Friday, October 31, 2014

Photo Friday: It Ain't Sexy

Mummies. Vampires. Ghosts. Frankenstein. Ghouls. Zombies. Witches.

These are what I think of when I think of Hallowe'en. All Hallows Eve.

Superheroes and princesses, in a pinch, though they pander to stereotypes.

Sexy nurses, sexy firefighters, sexy nuns, sexy ebola doctors... WTF???

Sexy ANYTHING is not Hallowe'en.

My daughter knows. She does her own makeup.

Happy Hallowe'en!

Thursday, October 30, 2014

What Makes A Man?

It's like they're a different species. But, sadly, they aren't. And when I see these people, I find it hard to believe that I am the same gender.

They are the men who think that they have the right to get a woman, who they don't know, to do anything they want, just because they talk to her.

They are the men who think that just because they talk to a woman, who they don't know, that that woman must speak back, must engage them.

They are the men who think that every woman who walks down a street wants to hear, from this total stranger, that she's beautiful, that she needs to thank them for the compliment that she didn't solicit.

They are the men who think that exclaiming "Damn!" and "I just saw a thousand dollars!" would be an appropriate thing to say to another human being.

The video is alarming. I find it disturbing. If you haven't seen it, here is the video, by Hollaback!, "an international movement to end street harassment," as they describe themselves, which shows a woman walking the streets of New York and enduring more than 100 cat calls over a 10-hour period.

I watched it and I was shocked, disgusted, and ashamed. The behavior by these men is not only inappropriate, it's creepy and frightening. The men who walk along for blocks, as though they think that kind of stalking is deserving of her attention, are despicable.

The woman who participated in the experiment, actress Shoshana Roberts, must be given kudos for enduring what are clear-cut cases of harassment. At times, I feared for her; most of the time, I felt sorry for what she endured and what women are faced with on a daily basis.

When I read some of the comments on the YouTube page for the video, I was further disgusted by how some men thought that there was something wrong with Ms Roberts for not accepting the so-called compliments. Hollaback! even reported that Ms Roberts had received threats of rape.

I hung my head in shame, flabbergasted that such "men" existed.

From a purely biological perspective, I think we men can't help ourselves from noticing a woman that we find attractive (the same goes with women who see a man they like: it's how our population continues to grow). But from a sociological and evolutionary perspective, surely, we must be able to control ourselves and treat a woman with the respect that she deserves. To keep our mouths shut, our hands to ourselves, and to leave a person in peace.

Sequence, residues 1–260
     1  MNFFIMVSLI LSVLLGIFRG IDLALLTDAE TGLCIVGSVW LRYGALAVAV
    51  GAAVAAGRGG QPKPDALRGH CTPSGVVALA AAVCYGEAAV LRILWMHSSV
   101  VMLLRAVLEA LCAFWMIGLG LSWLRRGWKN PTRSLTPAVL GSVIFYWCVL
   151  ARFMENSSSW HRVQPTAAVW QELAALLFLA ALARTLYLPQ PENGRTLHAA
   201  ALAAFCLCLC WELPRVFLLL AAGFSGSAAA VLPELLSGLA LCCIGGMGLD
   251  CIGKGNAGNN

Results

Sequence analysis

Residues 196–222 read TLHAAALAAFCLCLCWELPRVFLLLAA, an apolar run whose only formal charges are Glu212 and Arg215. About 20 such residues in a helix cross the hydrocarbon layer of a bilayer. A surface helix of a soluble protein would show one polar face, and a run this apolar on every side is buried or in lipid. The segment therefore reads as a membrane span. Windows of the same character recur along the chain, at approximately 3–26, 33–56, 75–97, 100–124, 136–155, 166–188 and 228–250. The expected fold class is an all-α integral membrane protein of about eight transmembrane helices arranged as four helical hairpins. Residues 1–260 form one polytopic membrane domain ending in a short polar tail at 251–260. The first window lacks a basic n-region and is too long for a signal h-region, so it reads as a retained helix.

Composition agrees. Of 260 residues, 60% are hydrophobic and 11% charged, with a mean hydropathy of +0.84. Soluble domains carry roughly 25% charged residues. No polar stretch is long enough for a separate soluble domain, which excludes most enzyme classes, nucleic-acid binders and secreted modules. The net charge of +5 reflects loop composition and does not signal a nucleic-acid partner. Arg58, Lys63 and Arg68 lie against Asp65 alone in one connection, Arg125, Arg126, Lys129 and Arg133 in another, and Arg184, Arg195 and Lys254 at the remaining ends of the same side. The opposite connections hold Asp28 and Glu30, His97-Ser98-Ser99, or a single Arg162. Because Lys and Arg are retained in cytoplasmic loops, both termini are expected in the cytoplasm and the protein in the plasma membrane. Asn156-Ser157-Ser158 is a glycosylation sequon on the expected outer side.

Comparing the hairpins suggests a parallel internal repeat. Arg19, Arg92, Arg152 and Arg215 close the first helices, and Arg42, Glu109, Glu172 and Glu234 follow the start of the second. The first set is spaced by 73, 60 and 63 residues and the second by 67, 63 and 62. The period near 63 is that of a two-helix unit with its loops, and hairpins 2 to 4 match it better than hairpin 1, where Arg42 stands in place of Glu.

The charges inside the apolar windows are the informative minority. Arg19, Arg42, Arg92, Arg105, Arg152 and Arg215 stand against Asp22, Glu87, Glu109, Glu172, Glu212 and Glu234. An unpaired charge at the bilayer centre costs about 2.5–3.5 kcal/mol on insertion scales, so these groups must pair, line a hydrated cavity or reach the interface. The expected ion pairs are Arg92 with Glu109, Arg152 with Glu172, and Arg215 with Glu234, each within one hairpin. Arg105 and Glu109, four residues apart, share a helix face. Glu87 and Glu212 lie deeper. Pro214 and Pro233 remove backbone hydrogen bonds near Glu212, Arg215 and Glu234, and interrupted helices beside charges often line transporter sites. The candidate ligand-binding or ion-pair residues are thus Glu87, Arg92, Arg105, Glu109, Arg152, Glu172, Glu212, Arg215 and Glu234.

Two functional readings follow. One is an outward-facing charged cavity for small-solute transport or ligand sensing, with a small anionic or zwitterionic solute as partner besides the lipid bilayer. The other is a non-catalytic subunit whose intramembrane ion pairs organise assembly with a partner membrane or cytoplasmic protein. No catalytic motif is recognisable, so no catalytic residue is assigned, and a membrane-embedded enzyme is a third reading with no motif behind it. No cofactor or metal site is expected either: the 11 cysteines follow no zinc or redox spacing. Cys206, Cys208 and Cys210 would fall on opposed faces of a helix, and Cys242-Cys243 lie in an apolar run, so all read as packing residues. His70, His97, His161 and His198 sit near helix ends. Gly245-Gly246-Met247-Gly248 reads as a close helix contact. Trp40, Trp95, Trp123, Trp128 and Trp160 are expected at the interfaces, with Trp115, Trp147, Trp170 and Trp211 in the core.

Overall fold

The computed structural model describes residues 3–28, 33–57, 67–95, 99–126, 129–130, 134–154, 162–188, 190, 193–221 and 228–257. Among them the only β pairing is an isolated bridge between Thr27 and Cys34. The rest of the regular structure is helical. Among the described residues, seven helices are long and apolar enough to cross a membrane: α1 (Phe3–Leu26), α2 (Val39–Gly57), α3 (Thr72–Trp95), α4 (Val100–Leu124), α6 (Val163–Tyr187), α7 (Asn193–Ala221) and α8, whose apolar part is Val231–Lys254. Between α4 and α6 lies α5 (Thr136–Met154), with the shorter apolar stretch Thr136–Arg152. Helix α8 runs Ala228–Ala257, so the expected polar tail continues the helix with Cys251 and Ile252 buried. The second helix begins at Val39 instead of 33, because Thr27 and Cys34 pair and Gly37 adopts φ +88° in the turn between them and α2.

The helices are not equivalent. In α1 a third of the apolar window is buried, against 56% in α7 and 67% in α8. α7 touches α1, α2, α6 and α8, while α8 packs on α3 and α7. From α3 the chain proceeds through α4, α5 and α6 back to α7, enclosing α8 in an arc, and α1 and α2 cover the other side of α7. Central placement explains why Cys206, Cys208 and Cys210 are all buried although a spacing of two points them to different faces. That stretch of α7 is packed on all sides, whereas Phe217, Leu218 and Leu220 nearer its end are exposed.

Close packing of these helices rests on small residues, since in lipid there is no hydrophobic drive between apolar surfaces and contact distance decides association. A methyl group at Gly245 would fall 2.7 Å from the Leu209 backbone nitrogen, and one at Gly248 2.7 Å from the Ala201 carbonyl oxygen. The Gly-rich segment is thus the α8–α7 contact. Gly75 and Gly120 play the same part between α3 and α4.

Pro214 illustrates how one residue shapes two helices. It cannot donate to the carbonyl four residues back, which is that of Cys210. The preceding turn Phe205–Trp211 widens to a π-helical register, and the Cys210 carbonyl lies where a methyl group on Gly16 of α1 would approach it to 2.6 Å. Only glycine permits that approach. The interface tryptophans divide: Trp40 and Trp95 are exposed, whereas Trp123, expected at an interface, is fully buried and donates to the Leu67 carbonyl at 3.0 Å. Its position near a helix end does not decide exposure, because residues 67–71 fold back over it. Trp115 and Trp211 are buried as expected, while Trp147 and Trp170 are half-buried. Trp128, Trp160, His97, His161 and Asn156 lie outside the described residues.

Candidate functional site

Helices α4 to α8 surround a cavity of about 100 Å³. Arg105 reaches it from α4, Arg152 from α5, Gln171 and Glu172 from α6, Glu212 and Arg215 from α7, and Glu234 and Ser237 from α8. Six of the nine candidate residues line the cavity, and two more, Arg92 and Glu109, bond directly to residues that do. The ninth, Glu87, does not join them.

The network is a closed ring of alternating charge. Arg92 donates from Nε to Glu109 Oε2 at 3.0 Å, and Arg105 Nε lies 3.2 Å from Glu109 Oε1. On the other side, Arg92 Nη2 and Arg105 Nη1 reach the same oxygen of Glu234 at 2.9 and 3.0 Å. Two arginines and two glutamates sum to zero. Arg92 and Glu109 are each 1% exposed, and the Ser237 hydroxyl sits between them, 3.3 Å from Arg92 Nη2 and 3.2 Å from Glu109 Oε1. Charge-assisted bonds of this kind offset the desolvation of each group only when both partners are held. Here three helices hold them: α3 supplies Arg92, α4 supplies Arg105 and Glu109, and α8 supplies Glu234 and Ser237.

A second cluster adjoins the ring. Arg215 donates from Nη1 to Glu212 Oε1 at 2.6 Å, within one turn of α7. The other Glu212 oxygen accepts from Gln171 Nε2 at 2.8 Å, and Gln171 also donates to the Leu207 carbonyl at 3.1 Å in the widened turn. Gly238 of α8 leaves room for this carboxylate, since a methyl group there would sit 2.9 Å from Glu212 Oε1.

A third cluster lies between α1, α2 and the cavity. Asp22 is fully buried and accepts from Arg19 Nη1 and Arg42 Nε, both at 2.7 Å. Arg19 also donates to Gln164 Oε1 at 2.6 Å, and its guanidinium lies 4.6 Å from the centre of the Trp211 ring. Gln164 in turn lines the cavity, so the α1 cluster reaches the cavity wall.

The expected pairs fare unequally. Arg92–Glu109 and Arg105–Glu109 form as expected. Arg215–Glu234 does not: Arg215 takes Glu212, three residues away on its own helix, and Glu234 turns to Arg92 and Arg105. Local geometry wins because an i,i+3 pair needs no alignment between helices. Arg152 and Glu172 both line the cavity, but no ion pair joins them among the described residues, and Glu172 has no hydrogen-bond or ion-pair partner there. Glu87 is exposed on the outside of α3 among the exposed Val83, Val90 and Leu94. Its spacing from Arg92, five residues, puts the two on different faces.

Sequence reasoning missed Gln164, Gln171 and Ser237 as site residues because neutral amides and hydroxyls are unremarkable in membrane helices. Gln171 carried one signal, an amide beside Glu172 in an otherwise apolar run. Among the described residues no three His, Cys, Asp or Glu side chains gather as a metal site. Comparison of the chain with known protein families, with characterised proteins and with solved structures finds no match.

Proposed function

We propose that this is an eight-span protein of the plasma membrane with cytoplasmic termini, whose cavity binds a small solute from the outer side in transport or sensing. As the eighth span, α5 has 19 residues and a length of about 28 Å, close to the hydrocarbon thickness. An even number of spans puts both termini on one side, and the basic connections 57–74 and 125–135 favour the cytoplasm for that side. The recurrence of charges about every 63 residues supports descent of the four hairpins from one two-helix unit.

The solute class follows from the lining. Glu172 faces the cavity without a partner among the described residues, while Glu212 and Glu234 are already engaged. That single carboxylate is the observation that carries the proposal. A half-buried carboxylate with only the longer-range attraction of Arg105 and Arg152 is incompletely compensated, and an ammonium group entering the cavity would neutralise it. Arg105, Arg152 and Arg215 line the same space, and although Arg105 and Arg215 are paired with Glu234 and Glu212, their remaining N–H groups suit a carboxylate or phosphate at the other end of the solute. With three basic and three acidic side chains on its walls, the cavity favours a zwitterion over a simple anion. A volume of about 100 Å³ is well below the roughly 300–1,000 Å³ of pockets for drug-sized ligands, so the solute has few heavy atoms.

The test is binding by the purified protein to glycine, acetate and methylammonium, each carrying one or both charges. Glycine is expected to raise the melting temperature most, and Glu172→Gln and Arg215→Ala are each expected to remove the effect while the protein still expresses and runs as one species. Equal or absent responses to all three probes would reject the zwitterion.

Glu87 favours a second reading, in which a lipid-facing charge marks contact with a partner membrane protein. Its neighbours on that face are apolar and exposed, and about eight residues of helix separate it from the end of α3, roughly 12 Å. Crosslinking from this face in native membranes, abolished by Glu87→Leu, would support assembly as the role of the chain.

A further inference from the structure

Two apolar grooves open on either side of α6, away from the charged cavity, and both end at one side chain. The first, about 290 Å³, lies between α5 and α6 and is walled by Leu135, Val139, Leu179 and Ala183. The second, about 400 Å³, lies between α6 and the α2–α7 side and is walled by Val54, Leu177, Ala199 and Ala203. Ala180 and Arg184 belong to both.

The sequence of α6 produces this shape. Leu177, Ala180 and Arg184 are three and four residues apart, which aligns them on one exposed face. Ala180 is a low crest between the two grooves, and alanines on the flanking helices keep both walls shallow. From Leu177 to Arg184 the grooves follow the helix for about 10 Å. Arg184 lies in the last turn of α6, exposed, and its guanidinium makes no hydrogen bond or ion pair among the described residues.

Every woman deserves the right to walk down a street without being harassed. (I would say every person deserves that right, but how many men walk in dread of heading to bus, knowing that someone might shout out, "Hey, good looking? What's your name? Can I get your number?")*

I'm guilty of stopping to watch a woman that I find attractive as she walks by. But I would never gawk, never call out to her, never follow her. Because I don't have that right. Because that woman has the right to not be treated as an object.

We have to step up and put a stop to this sort of harassment. We must speak up and speak out when we see behaviour such as this**.

Real men don't treat others as objects.

* I understand that this issue doesn't simply come down to women being harassed. People from the GLBT community are also harassed. It all has to stop.

** I have since found another similar video: this one is shot in Brussels and seems more disturbing because the men are more aggressive and abusive.

Tuesday, October 28, 2014

Google is Watching

I remember hearing the CEO of Google once say of his company that in its quest for success, it had to remember its motto: don't be evil.

I like to think that this company, that started as a Web search engine, has been gathering information to make life better. I know that, since I purchased my Android phone, that many of the Google apps have made it easy for me to find places, to find information for work and for writing this blog, and for organizing my days.

Google, for the most part, I find, is good.

But Google is watching you: it knows where you go on the Internet. It knows where you go in your day-to-day life. It tracks your movement. It plots your daily course. And you can see it, through Google Location History.

Here is my movement from the day I left Ottawa for France to the day I returned.

Obviously, it tracks your movement based on WiFi or when your phone makes contact with a cell tower. It's not 100 percent accurate, but it's close enough.

So, while Google maintains that it is not evil, it is watching you.

Monday, October 27, 2014

Music Monday: Knocked Up

I wish that the song Knocked Up by Kings of Leon had been around, when Lori was expecting our first child.

I sang all sorts of songs to her expanding belly, read it several of the Narnia books, and talked to the growth inside every chance I could get.

I would have sung this song, too.

But I also find it a great driving song, especially on a long stretch of highway, and at night. I don't know why, but when that song comes up through my smartphone rotation and those conditions are met, I crank the volume, settle back in my leather-wrapped, bucket seat, and perhaps press my foot a little firmer on the gas pedal.

Here's a live version:

Now, get in your car and drive!

Happy Monday!